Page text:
This Day in History

April 19, 1943: Warsaw Ghetto Uprising Began

Time Periods: 1920
Themes: Wars & Related Anti-War Movements, World History/Global Studies

These women were members of the Jewish resistance. On right is Malka Zdrojewicz who survived the Majdanek extermination camp. In center is Bluma Wyszogrodzka who was shot and killed and on left is Rachela Wyszogrodzka (gassed in Auschwitz) or Rukhele Lauschvits. Source: Meczenstwo Walka, National Archives

On April 19, 1943, the Warsaw Ghetto Uprising began when Nazi forces attempted to clear out the Jewish ghetto in Warsaw, Poland, to send them to concentration camps.

The Germans were met by gunfire from Jewish resistance fighters who held off the Nazis for 28 days before Warsaw was demolished and they were sent to concentration camps.

How might history have changed if other countries had come to their aid?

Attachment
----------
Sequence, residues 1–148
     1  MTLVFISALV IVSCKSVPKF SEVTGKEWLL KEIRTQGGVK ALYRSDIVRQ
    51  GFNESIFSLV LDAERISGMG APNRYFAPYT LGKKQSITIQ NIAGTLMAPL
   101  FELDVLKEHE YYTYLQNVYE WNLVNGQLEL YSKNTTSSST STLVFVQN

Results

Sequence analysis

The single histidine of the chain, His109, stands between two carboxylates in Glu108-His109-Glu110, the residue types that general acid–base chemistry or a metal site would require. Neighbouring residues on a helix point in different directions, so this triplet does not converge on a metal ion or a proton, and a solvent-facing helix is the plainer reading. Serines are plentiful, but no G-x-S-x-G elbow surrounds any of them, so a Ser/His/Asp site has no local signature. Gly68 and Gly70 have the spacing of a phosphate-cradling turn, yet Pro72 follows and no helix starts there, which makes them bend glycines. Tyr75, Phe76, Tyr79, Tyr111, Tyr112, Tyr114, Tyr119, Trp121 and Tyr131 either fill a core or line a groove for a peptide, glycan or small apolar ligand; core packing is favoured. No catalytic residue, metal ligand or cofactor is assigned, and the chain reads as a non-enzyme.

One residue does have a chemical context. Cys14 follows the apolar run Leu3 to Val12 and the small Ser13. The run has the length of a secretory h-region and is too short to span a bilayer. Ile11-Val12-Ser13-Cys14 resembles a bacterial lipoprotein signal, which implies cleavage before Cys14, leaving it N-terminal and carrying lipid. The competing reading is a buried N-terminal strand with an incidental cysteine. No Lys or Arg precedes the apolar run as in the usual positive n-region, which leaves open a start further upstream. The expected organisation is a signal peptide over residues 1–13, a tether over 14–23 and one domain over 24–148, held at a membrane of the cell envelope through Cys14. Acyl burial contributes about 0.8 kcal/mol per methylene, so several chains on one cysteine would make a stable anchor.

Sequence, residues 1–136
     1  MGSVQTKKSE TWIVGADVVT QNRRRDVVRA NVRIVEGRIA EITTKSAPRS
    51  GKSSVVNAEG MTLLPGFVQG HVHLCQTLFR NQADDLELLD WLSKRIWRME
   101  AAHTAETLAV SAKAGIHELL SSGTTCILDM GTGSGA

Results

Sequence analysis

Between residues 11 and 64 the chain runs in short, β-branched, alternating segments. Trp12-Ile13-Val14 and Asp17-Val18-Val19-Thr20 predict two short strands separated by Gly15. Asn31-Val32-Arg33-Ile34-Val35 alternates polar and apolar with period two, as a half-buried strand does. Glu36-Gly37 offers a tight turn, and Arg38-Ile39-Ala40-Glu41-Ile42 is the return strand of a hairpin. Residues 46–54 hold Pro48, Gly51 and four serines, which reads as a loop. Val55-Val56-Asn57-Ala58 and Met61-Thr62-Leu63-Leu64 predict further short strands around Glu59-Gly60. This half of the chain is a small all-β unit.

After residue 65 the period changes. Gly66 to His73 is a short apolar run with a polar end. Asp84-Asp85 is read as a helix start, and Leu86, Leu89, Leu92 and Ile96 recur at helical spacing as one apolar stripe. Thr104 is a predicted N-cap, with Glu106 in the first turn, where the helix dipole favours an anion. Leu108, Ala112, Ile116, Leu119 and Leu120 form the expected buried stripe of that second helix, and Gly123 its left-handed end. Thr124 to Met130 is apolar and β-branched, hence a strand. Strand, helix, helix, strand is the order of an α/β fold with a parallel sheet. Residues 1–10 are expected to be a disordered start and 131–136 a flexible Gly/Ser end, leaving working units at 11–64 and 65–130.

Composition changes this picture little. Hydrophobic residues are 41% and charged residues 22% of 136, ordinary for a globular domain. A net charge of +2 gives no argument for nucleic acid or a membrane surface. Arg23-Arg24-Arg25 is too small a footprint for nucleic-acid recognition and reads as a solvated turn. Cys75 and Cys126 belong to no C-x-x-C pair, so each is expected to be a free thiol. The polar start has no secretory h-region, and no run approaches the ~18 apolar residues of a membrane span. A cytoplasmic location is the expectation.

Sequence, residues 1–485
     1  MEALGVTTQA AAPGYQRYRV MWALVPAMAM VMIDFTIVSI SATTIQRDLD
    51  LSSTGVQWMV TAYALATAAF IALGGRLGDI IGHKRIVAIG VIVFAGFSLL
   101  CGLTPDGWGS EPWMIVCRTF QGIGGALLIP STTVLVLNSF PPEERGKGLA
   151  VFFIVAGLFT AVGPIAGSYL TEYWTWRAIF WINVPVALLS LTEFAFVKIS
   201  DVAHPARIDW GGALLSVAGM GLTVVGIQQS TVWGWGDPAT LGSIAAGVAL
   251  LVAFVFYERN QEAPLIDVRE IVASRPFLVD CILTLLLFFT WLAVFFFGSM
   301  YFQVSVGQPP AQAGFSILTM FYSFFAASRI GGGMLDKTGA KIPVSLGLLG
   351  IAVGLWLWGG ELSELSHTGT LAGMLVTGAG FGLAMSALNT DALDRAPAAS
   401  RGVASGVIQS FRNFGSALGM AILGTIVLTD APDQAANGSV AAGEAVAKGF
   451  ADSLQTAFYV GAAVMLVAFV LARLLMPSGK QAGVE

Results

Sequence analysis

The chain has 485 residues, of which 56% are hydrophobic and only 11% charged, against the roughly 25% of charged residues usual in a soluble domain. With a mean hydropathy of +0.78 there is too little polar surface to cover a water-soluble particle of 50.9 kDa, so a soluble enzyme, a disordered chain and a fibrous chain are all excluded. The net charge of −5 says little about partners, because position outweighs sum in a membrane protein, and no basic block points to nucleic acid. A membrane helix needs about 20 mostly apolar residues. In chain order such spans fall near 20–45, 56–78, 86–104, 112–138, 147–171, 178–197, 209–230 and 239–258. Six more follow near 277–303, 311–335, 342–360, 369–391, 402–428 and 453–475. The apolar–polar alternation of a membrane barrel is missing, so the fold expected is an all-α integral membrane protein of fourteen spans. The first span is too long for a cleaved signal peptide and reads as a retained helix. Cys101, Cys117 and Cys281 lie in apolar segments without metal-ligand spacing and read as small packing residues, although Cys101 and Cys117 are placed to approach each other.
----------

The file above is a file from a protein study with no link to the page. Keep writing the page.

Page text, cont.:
Learn more from the song I Remember Warsaw by David Rovics. It begins:

First they occupied our country
Then they spread their vicious lies
Evil propaganda
Filled our ranks with double-dealing spies
They cordoned off a reservation
Built a wall all around it
Packed us all into this ghetto
And our city’d never be as the Nazis found it. Continue reading and listen

On this anniversary, we share an excerpt from the suicide note left by Szmul Zygielbojm, a Jewish-Polish socialist leader of the Jewish Labor Movement, the Bund, and a member of the National Council of the Polish government in exile during WWII.

He had alerted the Allies to the Nazi’s crimes against humanity and Jewish resistance in Warsaw, yet there was no action:

London, memorial plaque. Photo courtesy of Gordon Kenward.

The responsibility for the crime of the murder of the whole Jewish nationality in Poland rests first of all on those who are carrying it out, but indirectly it falls also upon the whole of humanity, on the peoples of the Allied nations and on their governments, who up to this day have not taken any real steps to halt this crime.

By looking on passively upon this murder of defenseless millions tortured children, women and men they have become partners to the responsibility. Continue reading.

Learn more about the Warsaw Uprising at the United States Holocaust Memorial Museum. Find teaching resources at Facing History and Ourselves.